It’s been Karl Barth month around here as I’ve begun blogging my way through a paper I wrote on Karl Barth and universalism. So it’s no great surprise to see that two of the top five posts in November are on that theme. The top spot, however, goes to one of the funnier infographics I’ve run across lately on writing. And I think this is the first time a book review has made the list, so apparently people are interested in biblical theology these days. And the final spot goes to one of the posts in my series on the Holy Spirit.
- The High Price of Establishment: the Church of England is a national as well as a religious institution. That means, apparently, that its dogmas and governing policies are expected to generally parallel the broad social values of society.
- The Need for Creeds: It’s more than merely helpful to set down the church’s core convictions in words.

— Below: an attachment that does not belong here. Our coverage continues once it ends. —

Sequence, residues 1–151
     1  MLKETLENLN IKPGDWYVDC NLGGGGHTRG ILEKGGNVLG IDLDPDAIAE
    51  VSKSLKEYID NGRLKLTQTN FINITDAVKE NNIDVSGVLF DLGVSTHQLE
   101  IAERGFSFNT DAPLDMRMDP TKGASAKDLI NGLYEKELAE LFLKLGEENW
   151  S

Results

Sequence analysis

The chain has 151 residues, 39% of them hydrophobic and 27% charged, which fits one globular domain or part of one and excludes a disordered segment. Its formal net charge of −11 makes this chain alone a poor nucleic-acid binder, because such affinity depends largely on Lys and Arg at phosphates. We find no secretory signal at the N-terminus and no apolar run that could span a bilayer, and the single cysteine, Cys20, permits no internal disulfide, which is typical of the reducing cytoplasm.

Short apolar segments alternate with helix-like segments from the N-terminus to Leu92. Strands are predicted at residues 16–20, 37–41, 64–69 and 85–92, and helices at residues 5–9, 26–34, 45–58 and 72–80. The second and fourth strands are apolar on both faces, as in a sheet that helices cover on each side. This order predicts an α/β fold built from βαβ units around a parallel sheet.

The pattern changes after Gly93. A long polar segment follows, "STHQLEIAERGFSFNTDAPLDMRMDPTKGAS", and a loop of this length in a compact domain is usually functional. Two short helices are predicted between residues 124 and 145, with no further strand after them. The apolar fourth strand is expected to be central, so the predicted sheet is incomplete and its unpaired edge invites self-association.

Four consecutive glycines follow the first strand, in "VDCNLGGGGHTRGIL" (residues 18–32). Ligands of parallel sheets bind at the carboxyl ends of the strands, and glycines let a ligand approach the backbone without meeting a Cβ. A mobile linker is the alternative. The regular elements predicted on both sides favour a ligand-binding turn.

- Mormonism: A Scrutinized, Yet Evolving Faith: Mormonism has only a few non-negotiable beliefs. Unlike traditional Christianity, there are no Mormon creeds, no paid clergy, and no theologians who hammer out Mormon doctrine. For that reason, Matthew Bowman, author of The Mormon People, says many followers are fluid with their beliefs.
- On Bad Endings: Many of the world’s best novels have bad endings. I don’t mean that they end sadly, or on a back-to-work, all-is-forgiven note…, but that the ending is actually inartistic—a betrayal of what came before. This is true not just of good novels but also of books on which the reputation of Western fiction rests.
Some people with autism have difficulty processing intense, multiple sensory experiences at once. This animation gives the viewer a glimpse into sensory overload, and how often our sensory experiences intertwine in everyday life.
This fascinating video from the Interacting with Autism Project does an excellent job showing how people with autism struggle with sensory overload in even the most “ordinary” situations.